GM cops serve from Ombudsman
Saturday, 19th December, 2020
The NSW Ombudsman delivered a scathing review of decisions made by City Council and General Manager James Roncon in a report tabled in NSW parliament this week.
The report relates to the Ombudsman’s investigation into the opening of the Civic Centre to three events without proper occupancy certificates during its redevelopment in 2016 and 2017.
The Ombudsman said evidence established several serious breaches of the Environmental Planning and Assessment Act, laws that City Council is supposed to uphold.
“Council applying different rules to itself (as an occupant) to those it applies as a regulator undermines the integrity of the regulatory system and erodes trust,” the Ombudsman said.
“Council should hold itself to the same, if not higher, standards as those to which it holds the public it regulates.
“A high standard of integrity and honesty is critical to ensure public confidence in Council’s ability to carry out its functions properly.
“The General Manager has not recognised this, and has paid insufficient regard to the gravity of the EP&A Act breaches.”
The events included the Civic Ball and a conference of the National Party that included state and federal government leaders.
The Ombudsman said it seemed the risk of embarrassment if the events were to be cancelled or relocated was given priority over and above the risk to the safety of the public and staff using the building.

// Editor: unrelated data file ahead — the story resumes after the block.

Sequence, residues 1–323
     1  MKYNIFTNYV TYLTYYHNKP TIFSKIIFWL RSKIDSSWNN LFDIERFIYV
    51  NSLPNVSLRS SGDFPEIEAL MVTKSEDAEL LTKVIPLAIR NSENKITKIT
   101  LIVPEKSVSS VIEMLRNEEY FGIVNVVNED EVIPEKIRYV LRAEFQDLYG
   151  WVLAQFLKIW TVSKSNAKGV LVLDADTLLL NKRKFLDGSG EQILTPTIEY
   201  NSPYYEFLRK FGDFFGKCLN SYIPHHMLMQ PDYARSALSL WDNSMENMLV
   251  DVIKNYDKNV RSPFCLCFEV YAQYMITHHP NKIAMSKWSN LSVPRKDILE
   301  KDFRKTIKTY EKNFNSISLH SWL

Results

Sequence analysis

“Although the General Manager stated publicly in Council’s media release of 13 June 2017 that he was comfortable with the risk of being held personally responsible for allowing the Centre to be used, he has not accepted responsibility for the breaches,” the Ombudsman said.
“The evidence shows that he has attempted to shift responsibility to other people and the advice he states they gave him.”
In his statements to the community, Mr Roncon had said, in effect, that the offences were justifiable and involved low risk to safety.
“This minimises the very real physical risks to which people, including Council staff on site, were exposed by attending the ball and the conference,” the Ombudsman said.
The unlawful and potentially unsafe use of the Broken Hill Civic Centre would likely not have come to light at all but for whistleblower reports.
The Broken Hill investigation sparked a wider examination by the Ombudsman into the “inherent conflict of interest” of councils acting as a developer and regulator, and that was the main thrust of the report tabled in parliament this week. The Ombudsman report into the specific case of Broken Hill formed part of this wider report, and its tabling in NSW parliament effectively made it public.
City Council could have made the Ombudsman’s Broken Hill report public in January this year, but chose not to do so. In a public statement posted on its website at the time, Council said it believed the report would compromise ongoing legal proceedings relating to the Civic Centre.
Council also said in the January statement that it wanted to dispel any perception that it was trivialising the Ombudsman’s investigation, and reiterated that the report was being “treated with utmost seriousness”.
Barrier Truth will publish excerpts from the report during the next few weeks.